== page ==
A landmark agreement has been signed in Vancouver that offers a developing country a share of funding for its contribution to drugs research.
The terms of the agreement between the universities of British Columbia and Papua New Guinea go beyond promising the source country future royalties only if a drug is commercialised. The deal gives UPNG an immediate C$100,000 (£40,000) initial payment for two drugs derived from sea sponges and other marine organisms grown off the coral reefs of Papua New Guinea.
"This is the first time some financial transfer has gone back to a country," claimed the discoverer of the compounds, British Columbia chemistry and oceanography professor Raymond Anderson.
Dr Anderson has been researching aquatic materials from the region since the mid-1980s and has included the country in revenue-sharing agreements.
The policy upholds the UN's 1992 Convention on Biological Diversity that affirmed sovereign rights over biological resources and spread an increased awareness among source countries.
Dr Anderson has determined the chemical structures of the sponges' and tunicates' cancer-fighting and anti-inflammation capabilities and has since synthesised the compounds. Two drugs, one that may eventually attack solid cancerous tumours and another that should relieve symptoms of asthma attacks, are in clinical trials.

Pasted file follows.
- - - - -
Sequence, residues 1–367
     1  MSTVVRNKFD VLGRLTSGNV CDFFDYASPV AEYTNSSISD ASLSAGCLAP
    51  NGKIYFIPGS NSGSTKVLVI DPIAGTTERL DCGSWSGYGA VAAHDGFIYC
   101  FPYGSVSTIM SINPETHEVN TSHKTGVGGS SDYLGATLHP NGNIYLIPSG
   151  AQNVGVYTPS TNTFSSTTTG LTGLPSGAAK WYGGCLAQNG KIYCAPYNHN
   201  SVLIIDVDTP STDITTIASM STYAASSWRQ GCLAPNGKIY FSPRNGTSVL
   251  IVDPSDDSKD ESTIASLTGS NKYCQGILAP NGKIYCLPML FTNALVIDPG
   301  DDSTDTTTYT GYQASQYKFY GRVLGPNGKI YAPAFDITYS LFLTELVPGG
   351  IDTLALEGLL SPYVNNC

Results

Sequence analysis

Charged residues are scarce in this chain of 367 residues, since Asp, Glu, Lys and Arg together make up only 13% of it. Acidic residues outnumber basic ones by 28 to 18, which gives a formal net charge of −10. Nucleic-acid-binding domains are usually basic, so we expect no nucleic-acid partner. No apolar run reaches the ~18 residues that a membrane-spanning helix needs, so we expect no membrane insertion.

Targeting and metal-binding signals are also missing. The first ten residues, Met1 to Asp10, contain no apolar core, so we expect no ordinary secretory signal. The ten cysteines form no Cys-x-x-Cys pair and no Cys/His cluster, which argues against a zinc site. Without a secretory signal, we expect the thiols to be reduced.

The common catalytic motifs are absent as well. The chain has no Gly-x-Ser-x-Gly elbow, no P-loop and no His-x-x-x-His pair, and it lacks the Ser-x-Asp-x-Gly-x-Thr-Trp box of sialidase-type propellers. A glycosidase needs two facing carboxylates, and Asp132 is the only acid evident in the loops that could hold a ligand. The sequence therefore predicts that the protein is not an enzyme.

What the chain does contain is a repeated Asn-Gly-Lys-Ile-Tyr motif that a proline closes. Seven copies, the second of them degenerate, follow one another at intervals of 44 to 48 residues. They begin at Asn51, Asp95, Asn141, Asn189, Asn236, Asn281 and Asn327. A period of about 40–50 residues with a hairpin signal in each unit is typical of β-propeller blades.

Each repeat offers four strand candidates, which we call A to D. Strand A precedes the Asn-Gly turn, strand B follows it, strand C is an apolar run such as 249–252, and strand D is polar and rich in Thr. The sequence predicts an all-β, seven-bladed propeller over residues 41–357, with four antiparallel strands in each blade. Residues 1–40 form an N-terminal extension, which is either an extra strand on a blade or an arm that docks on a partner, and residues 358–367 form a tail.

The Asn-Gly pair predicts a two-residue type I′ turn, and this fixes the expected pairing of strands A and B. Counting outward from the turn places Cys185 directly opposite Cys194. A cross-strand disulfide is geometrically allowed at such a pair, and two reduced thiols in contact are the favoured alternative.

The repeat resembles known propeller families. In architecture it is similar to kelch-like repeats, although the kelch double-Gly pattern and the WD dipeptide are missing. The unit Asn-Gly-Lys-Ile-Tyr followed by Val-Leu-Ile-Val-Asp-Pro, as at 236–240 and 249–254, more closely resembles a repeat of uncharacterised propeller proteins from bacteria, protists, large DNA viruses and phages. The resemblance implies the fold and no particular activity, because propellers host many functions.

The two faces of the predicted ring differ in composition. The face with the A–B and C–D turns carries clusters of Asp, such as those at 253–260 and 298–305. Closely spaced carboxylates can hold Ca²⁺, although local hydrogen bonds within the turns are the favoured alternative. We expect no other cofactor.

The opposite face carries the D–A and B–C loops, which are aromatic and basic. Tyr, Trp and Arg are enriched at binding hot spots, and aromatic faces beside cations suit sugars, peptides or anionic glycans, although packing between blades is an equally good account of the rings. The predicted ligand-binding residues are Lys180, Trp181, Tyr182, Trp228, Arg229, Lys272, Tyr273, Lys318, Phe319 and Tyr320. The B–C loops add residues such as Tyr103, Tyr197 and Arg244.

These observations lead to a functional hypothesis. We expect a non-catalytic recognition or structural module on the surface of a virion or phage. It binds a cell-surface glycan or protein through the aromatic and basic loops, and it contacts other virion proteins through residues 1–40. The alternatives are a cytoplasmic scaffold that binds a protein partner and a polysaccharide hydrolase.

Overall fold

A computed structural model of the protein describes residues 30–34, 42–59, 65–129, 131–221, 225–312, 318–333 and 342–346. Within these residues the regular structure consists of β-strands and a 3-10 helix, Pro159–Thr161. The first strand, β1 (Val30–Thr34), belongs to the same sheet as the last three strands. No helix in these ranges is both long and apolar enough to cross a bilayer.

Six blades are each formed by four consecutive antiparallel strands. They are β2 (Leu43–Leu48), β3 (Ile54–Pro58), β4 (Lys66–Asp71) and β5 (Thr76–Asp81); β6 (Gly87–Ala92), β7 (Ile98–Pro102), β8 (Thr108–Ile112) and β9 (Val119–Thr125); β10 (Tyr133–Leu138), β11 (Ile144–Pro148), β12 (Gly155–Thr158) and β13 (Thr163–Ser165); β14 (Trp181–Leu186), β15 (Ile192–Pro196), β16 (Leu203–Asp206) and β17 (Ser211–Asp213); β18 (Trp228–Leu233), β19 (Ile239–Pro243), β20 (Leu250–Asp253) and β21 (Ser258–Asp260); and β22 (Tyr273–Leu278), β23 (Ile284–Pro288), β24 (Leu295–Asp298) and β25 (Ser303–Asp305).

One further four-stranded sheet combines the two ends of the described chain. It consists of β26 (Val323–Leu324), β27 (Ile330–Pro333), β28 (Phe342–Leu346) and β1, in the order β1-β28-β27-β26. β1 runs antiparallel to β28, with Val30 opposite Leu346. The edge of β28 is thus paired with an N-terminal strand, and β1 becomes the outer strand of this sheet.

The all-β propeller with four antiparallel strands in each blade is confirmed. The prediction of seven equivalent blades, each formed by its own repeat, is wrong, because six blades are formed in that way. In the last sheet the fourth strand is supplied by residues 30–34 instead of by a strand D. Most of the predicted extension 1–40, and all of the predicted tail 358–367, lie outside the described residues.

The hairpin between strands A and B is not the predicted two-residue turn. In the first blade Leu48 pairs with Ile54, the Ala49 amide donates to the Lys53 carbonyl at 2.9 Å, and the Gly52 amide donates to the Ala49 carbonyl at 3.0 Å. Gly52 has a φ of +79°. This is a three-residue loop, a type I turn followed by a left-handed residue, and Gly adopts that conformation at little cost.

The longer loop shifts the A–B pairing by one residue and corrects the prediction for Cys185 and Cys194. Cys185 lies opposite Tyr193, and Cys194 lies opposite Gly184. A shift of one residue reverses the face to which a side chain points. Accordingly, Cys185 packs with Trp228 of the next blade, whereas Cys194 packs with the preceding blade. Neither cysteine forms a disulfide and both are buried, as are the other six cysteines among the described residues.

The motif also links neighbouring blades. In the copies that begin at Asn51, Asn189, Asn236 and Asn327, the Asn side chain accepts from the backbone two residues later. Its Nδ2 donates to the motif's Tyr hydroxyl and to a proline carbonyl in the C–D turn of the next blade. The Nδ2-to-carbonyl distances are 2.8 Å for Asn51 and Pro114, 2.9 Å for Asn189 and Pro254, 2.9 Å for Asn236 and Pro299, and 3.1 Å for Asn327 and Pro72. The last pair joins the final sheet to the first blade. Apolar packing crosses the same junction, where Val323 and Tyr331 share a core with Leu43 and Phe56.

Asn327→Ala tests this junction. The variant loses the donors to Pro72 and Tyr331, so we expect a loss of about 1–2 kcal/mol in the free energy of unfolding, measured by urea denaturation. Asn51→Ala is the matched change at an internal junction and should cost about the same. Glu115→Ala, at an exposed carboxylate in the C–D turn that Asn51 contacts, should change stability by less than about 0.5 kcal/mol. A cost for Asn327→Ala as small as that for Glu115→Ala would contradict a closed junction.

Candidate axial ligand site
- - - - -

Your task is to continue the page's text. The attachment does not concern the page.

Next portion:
"We felt ethically obliged to recognise that this comes from the original inspirations," Dr Anderson said.
Revenue from prostratin, an anti-HIV drug originally derived from a tree in Samoa and discovered by scientists at the US National Cancer Institute, is being shared between the scientists, the drugs companies and the Samoan government, while the descendants of traditional healers are also receiving a percentage of royalties.
But, according to Gordon Cragg of the National Cancer Institute, "no marine products have reached the stage of commercialisation".
Most sea-derived compounds have never been accessible to indigenous peoples. So aquatic materials have not been subject to the same proprietary difficulties as pharmaceutical plants, many of which had been discovered by practitioners of folk medicine, who were then left out of the financial loop once the remedy was commercialised.